What To Expect:


The future, as it turns out, isn’t really an easy thing to predict. However, looking at the past is oftentimes a good place to start, so let’s do just that. What exactly do we know about Edman’s disappointing sophomore season?

  • We know that he swung at pitches less than he did in his rookie season, and less than the average MLB hitter.

  • We know that he swung far less at Meatballs than he did in his rookie season, and far less than the average MLB hitter.

  • We know that he hit the ball on the ground significantly more than he did in his rookie season, and far more than the average MLB hitter.

  • We know that he struck out much more than he did in his rookie season.

  • We know that his offensive statistics (both results-based stats and expected stats) took a significant plunge as compared to his rookie season numbers.

The only question now is whether we can prove that these abnormalities are mutually exclusive. Some of them are more clearly correlated, of course, like his drop in SLG% and his spike in Groundball%. Those two line up pretty well all on their own, seeing as it’s infinitely harder to get extra-base hits when you aren’t hitting line-drives or fly-balls.


As for others—such as connecting his low 1st Pitch Swing% to the increase in his Strikeout%—it’s a little harder to prove. I can’t determine that those two correspond with one another, because that is based on the assumption that the 1st pitches of an at-bat he decided not to swing at were strikes and not balls that he was correct to lay off. However, we know for sure that he swung significantly less at strikes down the middle and at strikes overall, so there is definitely some merit in attempting to align these two things. The point I’m making here is that I can’t definitively prove that if Edman swings more at strikes, meatballs or pitches overall, he’ll see his offensive production return to an above-average clip. However, there doesn’t appear to be many other working theories when it comes to Edman’s lackluster performance in 2020, and this one makes a lot of sense to me personally.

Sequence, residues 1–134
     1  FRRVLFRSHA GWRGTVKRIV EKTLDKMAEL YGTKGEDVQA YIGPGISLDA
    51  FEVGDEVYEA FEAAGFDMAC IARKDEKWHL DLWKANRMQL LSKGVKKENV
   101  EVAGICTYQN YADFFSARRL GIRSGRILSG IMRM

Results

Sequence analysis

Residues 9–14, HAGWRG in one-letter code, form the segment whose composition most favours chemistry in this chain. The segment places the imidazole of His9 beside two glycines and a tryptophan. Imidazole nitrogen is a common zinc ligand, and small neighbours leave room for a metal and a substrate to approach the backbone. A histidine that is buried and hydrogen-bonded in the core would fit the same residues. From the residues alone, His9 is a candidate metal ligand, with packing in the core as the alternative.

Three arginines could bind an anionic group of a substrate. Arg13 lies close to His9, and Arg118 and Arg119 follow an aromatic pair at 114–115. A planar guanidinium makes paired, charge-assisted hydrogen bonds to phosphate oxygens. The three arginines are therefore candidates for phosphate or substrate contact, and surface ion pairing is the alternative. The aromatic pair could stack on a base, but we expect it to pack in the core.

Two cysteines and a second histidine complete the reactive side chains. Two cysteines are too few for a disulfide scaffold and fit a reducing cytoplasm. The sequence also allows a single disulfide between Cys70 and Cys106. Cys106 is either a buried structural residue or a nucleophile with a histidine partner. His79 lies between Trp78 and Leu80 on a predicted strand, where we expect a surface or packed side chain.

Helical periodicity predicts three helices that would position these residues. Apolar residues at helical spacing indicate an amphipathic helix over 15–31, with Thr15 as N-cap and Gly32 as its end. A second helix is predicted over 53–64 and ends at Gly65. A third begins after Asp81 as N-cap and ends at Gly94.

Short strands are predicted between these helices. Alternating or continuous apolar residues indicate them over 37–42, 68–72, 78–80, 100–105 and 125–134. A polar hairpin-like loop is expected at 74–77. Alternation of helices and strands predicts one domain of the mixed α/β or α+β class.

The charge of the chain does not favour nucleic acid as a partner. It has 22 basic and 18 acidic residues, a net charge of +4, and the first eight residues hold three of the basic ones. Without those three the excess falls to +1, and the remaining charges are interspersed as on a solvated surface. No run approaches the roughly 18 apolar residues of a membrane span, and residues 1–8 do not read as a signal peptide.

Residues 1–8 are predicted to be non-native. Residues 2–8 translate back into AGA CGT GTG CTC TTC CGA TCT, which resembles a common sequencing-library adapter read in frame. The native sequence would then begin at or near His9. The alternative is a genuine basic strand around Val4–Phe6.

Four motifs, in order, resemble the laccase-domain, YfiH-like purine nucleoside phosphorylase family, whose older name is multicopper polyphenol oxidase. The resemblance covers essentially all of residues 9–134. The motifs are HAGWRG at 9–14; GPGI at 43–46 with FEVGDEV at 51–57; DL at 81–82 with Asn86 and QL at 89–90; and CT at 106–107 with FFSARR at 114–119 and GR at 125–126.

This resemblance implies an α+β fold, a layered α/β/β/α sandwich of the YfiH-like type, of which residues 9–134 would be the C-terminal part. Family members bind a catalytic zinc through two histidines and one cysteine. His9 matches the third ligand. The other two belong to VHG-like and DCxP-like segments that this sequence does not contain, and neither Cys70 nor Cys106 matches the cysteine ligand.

For the time being, all we have are numbers from two seasons in which the sample size for each is just too small to predict what Tommy Edman can be in a full MLB season. Once we have a larger sample size than 147 career games played, it’ll likely be easier to see if there is a continued correlation between him swinging more and being rewarded for doing so, or the opposite. Until then, we won’t really have a definitive answer to what kind of player Edman is, or what we can expect to see from him in the future. What we do have is a theory, and as with all theories, all we can do now is wait patiently for it to be accepted as fact, or to be proven wrong.

Credit to FanGraphs and BaseballSavant for all stats referenced in this piece

Credit to @veryonlinejoel for editing this piece

Credit to @cardinalsgifs for the cover art